Around the coast of the British Isles are many locations where a tidal race forms, usually in a constricted channel between two islands or an island and the mainland. In Scotland, between the islands of Jura and Scarba is the famous ‘Whirlpool of Corryvreckan’ – possibly the third largest whirlpool in the world (after Saltstraumen and Moskstraumen, off the coast of Norway). The Gulf of Corryvreckan, also called the Strait of Corryvreckan, is a narrow strait between the islands of Jura and Scarba, in Argyll and Bute, off the west coast of mainland Scotland.

Corryvreckan, between the islands of Jura and Scarba
Corryvreckan, between the islands of Jura and Scarba

The name ‘Corryvreckan’ probably derives from two words ‘Coire’ which in Irish means cauldron and ‘Breccán’ or ‘Breacan’, which may be a proper noun i.e. the name of an individual called Breccán, although this has also been translated as ‘speckled’ from the adjective brecc ‘spotted, speckled’ etc. combined with the suffix of place – an.

There is an Old Irish text known as Cormac’s Glossary written by the King and Bishop of Cashel, Cormac mac Cuilennáin who died in the year 908. The text is written in the form of a dictionary combined with an encyclopaedia. In it are various attempts at providing explanations, meanings and the significances of various words. At entry 323 it provides probably the fullest description of the Coire Breccáin of the early Irish material:

‘a great whirlpool which is between Ireland and Scotland to the north, in the meeting of various seas, viz., the sea which encompasses Ireland at the north-west, and the sea which encompasses Scotland at the north-east, and the sea to the south between Ireland and Scotland. They whirl around like moulding compasses, each of them taking the place of the other, like the paddles… of a millwheel, until they are sucked into the depths so that the cauldron remains with its mouth wide open; and it would suck even the whole of Ireland into its yawning gullet. It vomits iterum {again & again} that draught up, so that its thunderous eructation and its bursting and its roaring are heard among the clouds, like the steam boiling of a cauldron of fire.’

Corryvreckan Whirlpool, photo by Russ Baum, CC BY-SA 2.0
Corryvreckan Whirlpool, photo by Russ Baum, CC BY-SA 2.0.
https://commons.wikimedia.org/w/index.php?curid=2720206
Corryvreckan Whirlpool, photo by Walter Baxter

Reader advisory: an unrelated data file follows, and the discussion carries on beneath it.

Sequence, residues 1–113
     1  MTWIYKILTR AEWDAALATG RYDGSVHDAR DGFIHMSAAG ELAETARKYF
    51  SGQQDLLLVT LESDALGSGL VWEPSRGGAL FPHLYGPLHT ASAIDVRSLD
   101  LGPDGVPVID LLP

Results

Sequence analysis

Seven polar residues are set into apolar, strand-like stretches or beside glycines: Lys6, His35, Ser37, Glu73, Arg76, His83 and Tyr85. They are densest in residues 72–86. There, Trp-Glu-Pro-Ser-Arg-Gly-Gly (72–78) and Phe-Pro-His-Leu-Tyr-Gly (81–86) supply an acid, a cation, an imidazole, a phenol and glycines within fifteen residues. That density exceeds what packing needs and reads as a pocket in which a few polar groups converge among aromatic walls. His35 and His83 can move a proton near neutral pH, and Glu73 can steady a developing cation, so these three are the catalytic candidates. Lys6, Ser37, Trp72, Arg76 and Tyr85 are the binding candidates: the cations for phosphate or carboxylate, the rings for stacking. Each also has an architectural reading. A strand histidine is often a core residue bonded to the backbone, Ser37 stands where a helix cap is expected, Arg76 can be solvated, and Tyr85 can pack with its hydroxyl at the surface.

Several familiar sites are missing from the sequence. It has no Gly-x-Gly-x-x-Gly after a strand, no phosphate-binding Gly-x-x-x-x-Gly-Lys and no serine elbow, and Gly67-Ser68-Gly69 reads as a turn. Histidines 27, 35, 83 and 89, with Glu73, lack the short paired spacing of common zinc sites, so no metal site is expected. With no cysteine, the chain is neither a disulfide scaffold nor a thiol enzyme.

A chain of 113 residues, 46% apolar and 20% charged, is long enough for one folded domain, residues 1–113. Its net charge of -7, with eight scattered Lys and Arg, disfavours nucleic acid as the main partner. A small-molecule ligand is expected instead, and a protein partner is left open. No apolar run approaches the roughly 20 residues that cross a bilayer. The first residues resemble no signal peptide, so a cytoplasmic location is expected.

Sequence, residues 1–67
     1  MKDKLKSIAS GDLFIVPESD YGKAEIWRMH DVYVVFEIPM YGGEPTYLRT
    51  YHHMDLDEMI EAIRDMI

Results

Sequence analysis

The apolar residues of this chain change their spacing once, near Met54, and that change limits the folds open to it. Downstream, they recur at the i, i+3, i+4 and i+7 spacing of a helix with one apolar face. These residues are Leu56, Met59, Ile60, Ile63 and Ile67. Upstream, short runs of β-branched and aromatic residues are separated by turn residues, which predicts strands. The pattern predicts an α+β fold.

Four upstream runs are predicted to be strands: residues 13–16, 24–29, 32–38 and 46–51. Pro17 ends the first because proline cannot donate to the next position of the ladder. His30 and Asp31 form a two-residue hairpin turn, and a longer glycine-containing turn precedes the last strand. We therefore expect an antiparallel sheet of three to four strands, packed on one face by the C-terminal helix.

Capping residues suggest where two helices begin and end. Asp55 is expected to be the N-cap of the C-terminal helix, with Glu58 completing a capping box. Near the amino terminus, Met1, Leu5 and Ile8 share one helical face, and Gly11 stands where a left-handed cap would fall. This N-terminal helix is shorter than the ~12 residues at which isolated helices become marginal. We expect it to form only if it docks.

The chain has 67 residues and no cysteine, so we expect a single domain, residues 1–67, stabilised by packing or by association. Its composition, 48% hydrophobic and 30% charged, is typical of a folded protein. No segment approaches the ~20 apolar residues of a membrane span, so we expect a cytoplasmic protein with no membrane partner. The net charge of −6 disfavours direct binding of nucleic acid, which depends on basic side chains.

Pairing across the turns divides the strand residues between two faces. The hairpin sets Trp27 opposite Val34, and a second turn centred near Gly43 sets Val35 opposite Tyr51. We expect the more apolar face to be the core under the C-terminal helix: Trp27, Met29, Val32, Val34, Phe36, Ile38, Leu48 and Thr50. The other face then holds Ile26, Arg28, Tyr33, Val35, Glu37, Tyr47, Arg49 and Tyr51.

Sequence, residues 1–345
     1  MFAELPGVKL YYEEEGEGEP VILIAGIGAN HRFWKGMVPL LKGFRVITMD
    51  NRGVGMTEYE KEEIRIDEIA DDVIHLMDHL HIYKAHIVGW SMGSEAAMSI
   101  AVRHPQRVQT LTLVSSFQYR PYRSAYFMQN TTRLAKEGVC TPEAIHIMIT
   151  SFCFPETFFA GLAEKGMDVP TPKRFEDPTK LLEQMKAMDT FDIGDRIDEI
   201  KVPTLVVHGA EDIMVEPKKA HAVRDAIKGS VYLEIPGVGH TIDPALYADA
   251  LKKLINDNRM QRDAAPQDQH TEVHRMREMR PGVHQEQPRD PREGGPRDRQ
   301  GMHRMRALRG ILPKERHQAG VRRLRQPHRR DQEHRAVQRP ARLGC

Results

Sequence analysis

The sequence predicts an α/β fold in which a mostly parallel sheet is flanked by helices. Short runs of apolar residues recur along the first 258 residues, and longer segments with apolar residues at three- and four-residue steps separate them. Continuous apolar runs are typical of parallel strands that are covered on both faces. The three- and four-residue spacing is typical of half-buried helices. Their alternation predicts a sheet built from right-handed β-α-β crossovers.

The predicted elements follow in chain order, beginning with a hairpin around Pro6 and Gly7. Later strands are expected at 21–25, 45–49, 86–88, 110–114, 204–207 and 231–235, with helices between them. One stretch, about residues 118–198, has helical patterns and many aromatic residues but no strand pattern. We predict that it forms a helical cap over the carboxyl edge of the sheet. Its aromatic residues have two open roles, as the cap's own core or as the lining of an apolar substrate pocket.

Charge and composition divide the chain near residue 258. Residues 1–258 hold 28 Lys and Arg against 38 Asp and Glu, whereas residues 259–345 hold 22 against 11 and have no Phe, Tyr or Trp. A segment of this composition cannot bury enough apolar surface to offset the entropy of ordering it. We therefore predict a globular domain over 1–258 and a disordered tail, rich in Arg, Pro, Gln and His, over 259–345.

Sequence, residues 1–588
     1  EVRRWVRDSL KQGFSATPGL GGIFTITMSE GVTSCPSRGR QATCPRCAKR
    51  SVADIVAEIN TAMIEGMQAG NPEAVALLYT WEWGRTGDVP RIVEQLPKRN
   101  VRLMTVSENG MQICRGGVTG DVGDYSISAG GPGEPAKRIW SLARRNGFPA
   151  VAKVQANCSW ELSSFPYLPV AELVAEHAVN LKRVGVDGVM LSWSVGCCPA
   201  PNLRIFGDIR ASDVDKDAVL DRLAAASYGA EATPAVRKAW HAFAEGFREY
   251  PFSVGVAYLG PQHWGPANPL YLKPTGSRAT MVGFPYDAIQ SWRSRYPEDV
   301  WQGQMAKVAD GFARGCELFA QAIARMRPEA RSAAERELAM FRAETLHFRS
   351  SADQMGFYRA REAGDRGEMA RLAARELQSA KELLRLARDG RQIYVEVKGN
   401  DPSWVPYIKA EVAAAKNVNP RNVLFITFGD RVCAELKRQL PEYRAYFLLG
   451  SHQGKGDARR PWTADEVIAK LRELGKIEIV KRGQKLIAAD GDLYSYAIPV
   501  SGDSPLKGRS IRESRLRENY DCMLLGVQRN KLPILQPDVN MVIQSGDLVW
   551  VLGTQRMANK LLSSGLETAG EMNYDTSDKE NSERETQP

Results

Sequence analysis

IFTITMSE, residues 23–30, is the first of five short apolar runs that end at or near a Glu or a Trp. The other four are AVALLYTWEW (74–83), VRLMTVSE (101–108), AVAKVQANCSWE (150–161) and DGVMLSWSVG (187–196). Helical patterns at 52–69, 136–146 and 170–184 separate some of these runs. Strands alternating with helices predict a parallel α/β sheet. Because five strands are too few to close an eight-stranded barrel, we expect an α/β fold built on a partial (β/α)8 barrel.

Corryvreckan Whirlpool, photo by Walter Baxter, CC BY-SA 2.0.
https://commons.wikimedia.org/w/index.php?curid=33579199

Corryvreckan is also very close to the island of Iona, famous for St Columba, and some of the tales about the whirlpool relate to this saint and his companions, praying to be spared from falling into it, while sailing from Ireland. In one story St Columba is supposed to have encountered and recognised the bones of one Brecan, supposed to have drowned in the whirlpool with his ship and crew, years before. However, there is some dispute as to whether the location of this event was off Scotland or in another whirlpool off northern Ireland.

More recently, in mid-August 1947, the author George Orwell nearly drowned in the Corryvreckan whirlpool. Orwell had fled the distractions of London in April 1947 and taken up temporary residence to write on the isolated island of Jura. On the return leg of a boating daytrip, Orwell seems to have misread the local tide tables and steered into rough seas that drove his boat near to the whirlpool. When the boat’s small engine suddenly sheared off from its mounts and dropped into the sea, Orwell’s party resorted to oars and was saved from drowning only when the whirlpool began to recede and the group managed to paddle to a rocky outcrop about a mile off the Jura coastline. The boat capsized as the group tried to disembark, leaving Orwell, his two companions, and his three-year-old son stranded on the uninhabited outcrop with no supplies or means of escape. They were rescued only when passing lobstermen noticed a fire the party had lit in an effort to keep warm. Orwell’s one-legged brother-in-law Bill Dunn was reputedly the first person to swim across the 300ft deep, mile-wide channel. Nowadays there are regular boat trips and diving trips for tourists.

As the flood tide enters the narrow area between the islands of Jura and Scarba it speeds up to 8.5 knots (>4m/s) and meets a variety of underwater seabed features including a deep hole and a pyramid-shaped basalt pinnacle that rises from depths of 70 m to 29 m at its rounded top. These features combine to create eddies, standing waves and a variety of other surface effects. Flood tides and inflow from the Firth of Lorne to the west can drive the waters of Corryvreckan into waves of more than 30 feet, and the roar of the resulting whirlpool can be heard ten miles away.

Image from Hebridean Wild website
Image from Hebridean Wild website.
http://www.hebridean-wild.co.uk/about.html

Although dangerous when the flood or ebb tide is running and particularly when the wind is blowing ‘against the tide’ (when choppy seas make it very dangerous), it can be safely crossed at slack water when the weather is calm. This is where accurate tidal predictions come into their own, to identify the safe passage times of slack water, although detailed modelling of these areas of complex bathymetry is still a challenge.